Independence – The Road Not Taken

Independence comes in many forms.  And from a young age, we are always trying to gain, and then show, our independence.

But what exactly is independence?

Ask a child, a teenager, an adult, and you will get very different answers.  And all of them will likely be right.

A baby’s first steps are a form of independence.  No longer will they need to rely on someone to move them from room to room.  They can now move about on their own freewill.  That independence gets limited as soon as the baby-proofing happens.

Ask an 8 year old what they want for dinner.  Left to their own devices, you can rest assured they would choose something like ice cream and cake!  Not practical, but that is what an independent 8 year old will choose.

The ultimate independence for a teenager is their drivers license.  Free to roam, they no longer rely on parents to take them places.  

Independence isn’t about not needing other people in your life.  It’s about not needing to be validated by other people.  It’s about making our own choices confidently without undue influence from others.  About being true to yourself.

When I finished high school, the expectation for me was to go to university.  There really wasn’t any input on my part.  I was never asked if I wanted to go.  The questions asked were ‘where are you going?’ and/or ‘what are you going to study?’.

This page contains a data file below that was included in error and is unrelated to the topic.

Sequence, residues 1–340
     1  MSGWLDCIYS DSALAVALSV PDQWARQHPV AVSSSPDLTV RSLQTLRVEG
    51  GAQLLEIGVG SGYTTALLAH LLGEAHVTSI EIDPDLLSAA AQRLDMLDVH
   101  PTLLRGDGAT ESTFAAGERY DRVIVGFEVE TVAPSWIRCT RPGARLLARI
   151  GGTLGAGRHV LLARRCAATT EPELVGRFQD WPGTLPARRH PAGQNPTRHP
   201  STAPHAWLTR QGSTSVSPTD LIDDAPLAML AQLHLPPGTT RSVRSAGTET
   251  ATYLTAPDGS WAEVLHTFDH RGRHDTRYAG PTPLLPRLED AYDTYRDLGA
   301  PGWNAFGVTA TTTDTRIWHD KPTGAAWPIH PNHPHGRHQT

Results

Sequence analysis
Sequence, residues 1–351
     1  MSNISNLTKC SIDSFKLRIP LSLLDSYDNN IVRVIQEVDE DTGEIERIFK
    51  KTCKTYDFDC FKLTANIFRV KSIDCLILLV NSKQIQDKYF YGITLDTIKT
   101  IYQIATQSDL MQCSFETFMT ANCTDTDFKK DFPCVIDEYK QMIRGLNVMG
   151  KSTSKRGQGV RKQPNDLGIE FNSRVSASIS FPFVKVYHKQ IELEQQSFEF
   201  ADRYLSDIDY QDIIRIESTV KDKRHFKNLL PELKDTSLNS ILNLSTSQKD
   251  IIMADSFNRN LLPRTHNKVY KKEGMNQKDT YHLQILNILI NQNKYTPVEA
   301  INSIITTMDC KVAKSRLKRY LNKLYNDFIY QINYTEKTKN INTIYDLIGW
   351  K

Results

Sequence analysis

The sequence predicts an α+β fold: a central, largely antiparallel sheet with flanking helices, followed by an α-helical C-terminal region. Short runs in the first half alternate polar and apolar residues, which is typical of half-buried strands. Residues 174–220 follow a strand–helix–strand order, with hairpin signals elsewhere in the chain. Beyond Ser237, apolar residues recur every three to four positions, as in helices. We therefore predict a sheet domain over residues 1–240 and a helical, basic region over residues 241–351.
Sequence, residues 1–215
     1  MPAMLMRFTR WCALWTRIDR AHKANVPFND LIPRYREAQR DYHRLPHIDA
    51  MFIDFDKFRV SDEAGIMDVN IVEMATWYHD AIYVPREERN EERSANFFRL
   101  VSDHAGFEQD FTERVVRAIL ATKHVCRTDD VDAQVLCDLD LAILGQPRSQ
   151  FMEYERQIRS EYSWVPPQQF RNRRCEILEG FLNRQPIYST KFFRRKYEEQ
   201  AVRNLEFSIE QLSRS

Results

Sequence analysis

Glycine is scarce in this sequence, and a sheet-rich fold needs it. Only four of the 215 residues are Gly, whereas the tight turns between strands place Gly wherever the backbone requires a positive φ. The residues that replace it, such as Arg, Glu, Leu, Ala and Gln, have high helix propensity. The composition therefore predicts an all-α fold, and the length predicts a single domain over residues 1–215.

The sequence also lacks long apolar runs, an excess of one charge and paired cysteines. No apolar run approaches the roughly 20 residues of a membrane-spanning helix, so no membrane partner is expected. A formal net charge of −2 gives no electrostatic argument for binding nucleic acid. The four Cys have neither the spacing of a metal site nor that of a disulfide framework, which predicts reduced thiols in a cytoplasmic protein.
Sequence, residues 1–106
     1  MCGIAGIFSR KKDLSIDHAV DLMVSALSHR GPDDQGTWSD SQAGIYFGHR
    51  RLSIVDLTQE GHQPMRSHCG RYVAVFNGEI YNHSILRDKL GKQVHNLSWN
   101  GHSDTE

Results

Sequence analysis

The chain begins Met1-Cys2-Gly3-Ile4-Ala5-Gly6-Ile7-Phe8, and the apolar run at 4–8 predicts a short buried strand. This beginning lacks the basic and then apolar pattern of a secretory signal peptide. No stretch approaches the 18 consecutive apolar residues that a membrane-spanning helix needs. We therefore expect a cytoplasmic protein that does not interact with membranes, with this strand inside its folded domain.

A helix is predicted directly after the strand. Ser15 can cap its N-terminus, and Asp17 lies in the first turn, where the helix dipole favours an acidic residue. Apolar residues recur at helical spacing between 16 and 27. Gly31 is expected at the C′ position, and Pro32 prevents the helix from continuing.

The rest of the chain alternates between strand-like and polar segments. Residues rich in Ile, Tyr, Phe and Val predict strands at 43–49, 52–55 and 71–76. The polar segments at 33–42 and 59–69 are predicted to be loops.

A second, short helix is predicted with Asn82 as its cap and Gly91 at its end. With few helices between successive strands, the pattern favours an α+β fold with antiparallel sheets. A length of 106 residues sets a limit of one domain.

If I was able to exercise my independence at that time, the answers would have been “Around the world.  I want to see.  I want to explore.  I want to learn about people and culture.  Then I will go back to school”.  Instead my answers were to stay home and go to the local university.  And then to the local college.  I wasn’t ready to exercise my independence at that time.

This is the thing I can point to most in my life where I allowed others to dictate the course of my life, rather than making my own decision. I was old enough to make that decision.  But the expectation of society, of my parents, or my friends, of my brother who had just graduated, superseded my own wants at the time.

Do I regret not making the choice I really wanted to at the time?  Sure. A little.  I still haven’t explored and seen the world.  And my knowledge of people and other cultures comes from books and exploring various ethnic restaurants.   

After enrolling in university, I started to work part time so I could still manage my studies.  I also wrote for the school newspaper.  When I was done at university, I went to a local college to advance my learning some more. Still working part-time.  As I wrapped up my studies, I inquired with my employer about coming on full-time.  That started the week after I finished school.  And I have been working full-time ever since. I will have to wait for retirement to see the things I have only seen in books or on tv.

By not exercising my independence, I think I have lost the opportunity to explore the world the way I wanted.  


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